Universities and colleges across the U.S. are struggling to finance not only the construction of new buildings, but to maintain and repair their existing ones. And according to educational asset consultancy group Sightlines, that assessment would be understating the magnitude of the problem.
The group's "State of Facilities in Higher Education: 2014 Benchmarks, Best Practices & Trends" report indicates that U.S. university and college capital spending has decreased 10% since 2007, while operating budgets for facilities management have only increased 1% annually since the end of the recession. The campus maintenance backlog has risen 17% since 2007 to what Sightlines estimated at approximately $30 billion. The University of Washington in Seattle alone shoulders about $1 billion of that figure. The country's university system expanded in the 1960s and 1970s to accommodate increased enrollment but suffered massive funding cuts during the Great Recession. Sightlines said that as a result, more than half of all university buildings are in need of either significant upgrade or replacement.
In an era when state-of-the art facilities are necessary to draw top-notch staff as well as students, university and college administrators are left with the painful process of deciding which projects are a go and which will be shelved for yet another year.
Making the tough decisions
Some schools, like private Beacon College in Leesburg, FL, are leaving the construction funding decisions up to third-party experts. Tom Brown, the school's director of human resources and risk management, said Beacon decided to contract its facilities management to Sodexo. This allows Beacon to take advantage of the "economies of scale," he said, that would otherwise be out of reach to a school with a just a few hundred students. For example, Brown said Sodexo's access to vendor discounts allows the facilities manager to stretch the school's budget, which is largely dependent on tuition and an annual fundraising campaign.
Even with those advantages, Brown said the school still must prioritize its maintenance and construction budgets, particularly with a current expansion through downtown Leesburg underway. Upgrades and improvements that are of the biggest benefit to students — such as campus beautification, more office and classroom space and athletic fields — go to the top of the list, but sometimes the decisions aren't clear-cut, according to Brown. "It's a balancing act," he said. "You have to maintain buildings that you have, but you also have to expand as well."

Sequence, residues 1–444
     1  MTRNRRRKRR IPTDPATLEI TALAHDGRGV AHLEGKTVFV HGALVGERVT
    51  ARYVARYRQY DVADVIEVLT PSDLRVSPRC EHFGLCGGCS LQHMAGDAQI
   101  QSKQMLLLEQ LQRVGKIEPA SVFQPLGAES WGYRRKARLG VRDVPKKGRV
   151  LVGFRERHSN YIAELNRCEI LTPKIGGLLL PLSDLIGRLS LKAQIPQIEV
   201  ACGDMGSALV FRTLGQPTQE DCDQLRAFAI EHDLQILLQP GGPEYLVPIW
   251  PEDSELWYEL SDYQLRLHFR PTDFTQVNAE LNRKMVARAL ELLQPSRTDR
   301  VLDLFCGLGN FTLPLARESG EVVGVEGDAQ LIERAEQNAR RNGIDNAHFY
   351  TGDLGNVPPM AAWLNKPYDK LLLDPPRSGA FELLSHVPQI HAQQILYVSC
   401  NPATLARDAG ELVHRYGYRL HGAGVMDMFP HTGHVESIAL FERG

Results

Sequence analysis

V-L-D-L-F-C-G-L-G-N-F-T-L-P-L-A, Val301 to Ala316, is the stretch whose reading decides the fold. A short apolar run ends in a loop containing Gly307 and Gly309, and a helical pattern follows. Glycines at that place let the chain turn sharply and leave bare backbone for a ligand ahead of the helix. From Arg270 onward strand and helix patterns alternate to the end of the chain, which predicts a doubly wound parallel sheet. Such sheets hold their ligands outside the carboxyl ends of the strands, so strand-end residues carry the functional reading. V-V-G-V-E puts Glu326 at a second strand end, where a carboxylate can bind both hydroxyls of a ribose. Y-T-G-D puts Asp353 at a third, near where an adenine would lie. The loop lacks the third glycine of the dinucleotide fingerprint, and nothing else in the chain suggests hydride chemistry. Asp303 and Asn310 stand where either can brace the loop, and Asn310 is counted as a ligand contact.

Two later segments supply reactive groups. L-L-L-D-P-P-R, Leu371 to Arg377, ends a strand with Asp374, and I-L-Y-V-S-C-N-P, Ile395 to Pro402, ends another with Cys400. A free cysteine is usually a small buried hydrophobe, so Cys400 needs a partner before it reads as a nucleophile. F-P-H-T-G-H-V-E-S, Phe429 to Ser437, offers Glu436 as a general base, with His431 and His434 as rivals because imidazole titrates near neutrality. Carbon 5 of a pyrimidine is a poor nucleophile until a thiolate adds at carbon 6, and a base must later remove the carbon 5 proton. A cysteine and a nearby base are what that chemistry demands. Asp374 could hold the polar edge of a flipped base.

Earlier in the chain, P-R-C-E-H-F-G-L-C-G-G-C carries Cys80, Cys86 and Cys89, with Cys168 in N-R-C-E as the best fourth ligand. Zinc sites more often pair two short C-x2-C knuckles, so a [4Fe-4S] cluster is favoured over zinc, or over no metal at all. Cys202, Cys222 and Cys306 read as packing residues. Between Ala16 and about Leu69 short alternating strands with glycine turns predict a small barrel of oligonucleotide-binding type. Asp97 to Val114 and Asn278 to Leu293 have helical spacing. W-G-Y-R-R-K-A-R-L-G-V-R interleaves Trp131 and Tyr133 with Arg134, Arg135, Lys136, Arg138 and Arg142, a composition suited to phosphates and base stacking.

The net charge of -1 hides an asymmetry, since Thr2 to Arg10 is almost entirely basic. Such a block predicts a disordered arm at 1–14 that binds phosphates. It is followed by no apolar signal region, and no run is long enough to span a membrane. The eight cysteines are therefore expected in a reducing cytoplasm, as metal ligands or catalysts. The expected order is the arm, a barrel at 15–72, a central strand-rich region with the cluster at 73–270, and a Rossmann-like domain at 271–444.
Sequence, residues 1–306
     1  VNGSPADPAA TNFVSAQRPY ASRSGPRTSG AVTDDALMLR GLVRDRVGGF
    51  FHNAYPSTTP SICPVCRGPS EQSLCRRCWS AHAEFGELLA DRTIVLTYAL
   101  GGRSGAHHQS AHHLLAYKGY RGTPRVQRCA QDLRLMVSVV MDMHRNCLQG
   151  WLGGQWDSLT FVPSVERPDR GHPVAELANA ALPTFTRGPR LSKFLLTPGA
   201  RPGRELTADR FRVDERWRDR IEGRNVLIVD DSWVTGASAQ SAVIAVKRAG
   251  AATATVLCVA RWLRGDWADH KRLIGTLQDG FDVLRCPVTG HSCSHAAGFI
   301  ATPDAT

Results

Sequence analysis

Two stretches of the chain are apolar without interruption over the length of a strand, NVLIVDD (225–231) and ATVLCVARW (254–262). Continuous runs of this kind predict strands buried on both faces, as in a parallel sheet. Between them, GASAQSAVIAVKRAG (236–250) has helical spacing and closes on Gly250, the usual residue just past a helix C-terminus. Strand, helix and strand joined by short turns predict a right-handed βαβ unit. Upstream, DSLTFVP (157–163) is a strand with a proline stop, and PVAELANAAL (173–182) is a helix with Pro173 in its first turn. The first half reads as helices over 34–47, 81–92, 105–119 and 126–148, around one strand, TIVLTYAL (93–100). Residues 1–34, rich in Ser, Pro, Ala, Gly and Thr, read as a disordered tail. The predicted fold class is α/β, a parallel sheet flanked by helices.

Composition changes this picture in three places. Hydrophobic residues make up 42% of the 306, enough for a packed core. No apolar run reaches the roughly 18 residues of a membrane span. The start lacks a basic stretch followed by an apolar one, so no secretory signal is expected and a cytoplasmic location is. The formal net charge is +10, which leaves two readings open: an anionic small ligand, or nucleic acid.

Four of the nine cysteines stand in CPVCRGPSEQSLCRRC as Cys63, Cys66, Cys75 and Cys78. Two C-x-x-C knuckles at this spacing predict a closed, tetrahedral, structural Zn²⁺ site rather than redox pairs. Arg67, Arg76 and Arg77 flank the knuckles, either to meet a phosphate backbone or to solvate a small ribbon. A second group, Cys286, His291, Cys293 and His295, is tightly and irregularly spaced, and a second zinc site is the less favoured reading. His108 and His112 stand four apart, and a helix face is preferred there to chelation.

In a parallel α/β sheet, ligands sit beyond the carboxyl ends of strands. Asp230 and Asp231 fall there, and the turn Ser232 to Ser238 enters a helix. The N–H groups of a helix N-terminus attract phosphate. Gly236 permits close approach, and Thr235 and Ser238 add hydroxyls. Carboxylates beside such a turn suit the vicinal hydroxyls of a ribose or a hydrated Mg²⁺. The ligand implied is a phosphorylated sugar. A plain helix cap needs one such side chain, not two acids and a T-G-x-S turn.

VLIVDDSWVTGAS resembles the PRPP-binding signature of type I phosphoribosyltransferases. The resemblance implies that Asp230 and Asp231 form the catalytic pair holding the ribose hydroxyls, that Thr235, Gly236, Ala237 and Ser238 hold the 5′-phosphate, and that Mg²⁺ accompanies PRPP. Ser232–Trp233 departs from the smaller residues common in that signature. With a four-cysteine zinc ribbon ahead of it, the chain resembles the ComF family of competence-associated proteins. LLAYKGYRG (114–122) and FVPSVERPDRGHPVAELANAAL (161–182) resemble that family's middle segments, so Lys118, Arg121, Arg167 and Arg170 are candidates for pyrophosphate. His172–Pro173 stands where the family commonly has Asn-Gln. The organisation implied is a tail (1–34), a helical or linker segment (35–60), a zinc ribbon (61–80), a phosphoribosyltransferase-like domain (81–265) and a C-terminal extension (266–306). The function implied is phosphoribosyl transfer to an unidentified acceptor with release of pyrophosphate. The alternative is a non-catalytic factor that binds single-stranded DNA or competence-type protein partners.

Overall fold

No matter what the enrollment size or endowment of a university or college, there is always a struggle as to where to allocate funds, according to Tony Miliote, vice president of the tri-state institutional division for Shawmut Design and Construction. Shawmut counts Harvard, Yale and New York University among its clients, but despite healthy construction budgets, "It doesn’t mean you have unlimited funds," Miliote said. "No one has that." No matter the school, there's always the fiduciary responsibility of deciding which project will return "the most bang for the buck," he said.
What students (and faculty) want
Jessica Brumley, vice president of facilities management at another private Florida college, Nova Southeastern University, agreed that there is a struggle with construction funds, as institutions try to attract the best faculty and the most talented students with state-of-the-art facilities.
Case in point: Nova, which is classified as a research university, is opening its new Center for Collaborative Research (CCR), a 215,000-square-foot, six-story facility outfitted with the latest equipment. "The purpose of this facility is really to get us to the next level," she said. Approximately 85% of Nova's tuition proceeds go to fund operations, so the school has embarked on a $250 million fundraising campaign, a portion of which is earmarked for capital improvements.
Miliote said the decision regarding which upgrades and renovations to pursue is sometimes a default one made by the current generation of students. "It's a very different experience from when I went to school 25 years ago," he said. The student focus has turned to better dining and dorm experiences as well as classroom settings that allow for more digital, mobile and technology-based learning environments. All of this, Miliote said, is an attempt to retain current students and attract new ones.
Exploring other funding options
Brumley said that unlike state universities and colleges, Nova must rely on its own resources to finance projects. In contrast to the University of California Merced, which opted to handle its $1.34 billion campus expansion as a public-private partnership (P3) with the Plenary Group, Brumley said the Florida school hasn’t been able to find the right relationship to make a P3 a viable option.
"We have looked at P3s, but when you start to dig into the details of what it takes to make it work, you would have to be very hands-off," she said. "There's a certain level of facility quality we expect, and we have not yet found where a P3 would give us what we're looking for. We'll continue to explore (that option) and haven’t ruled it out." On the plus side, Brumley said that despite not having state support, "being a private institution gives us a little more flexibility. It makes us more nimble."
But the day-to-day decisions still involve the question of how to tackle the nationwide challenge of new space versus deferred maintenance. "We've recognized it and are trying to get our arms around exactly what needs to be done," Brumley said.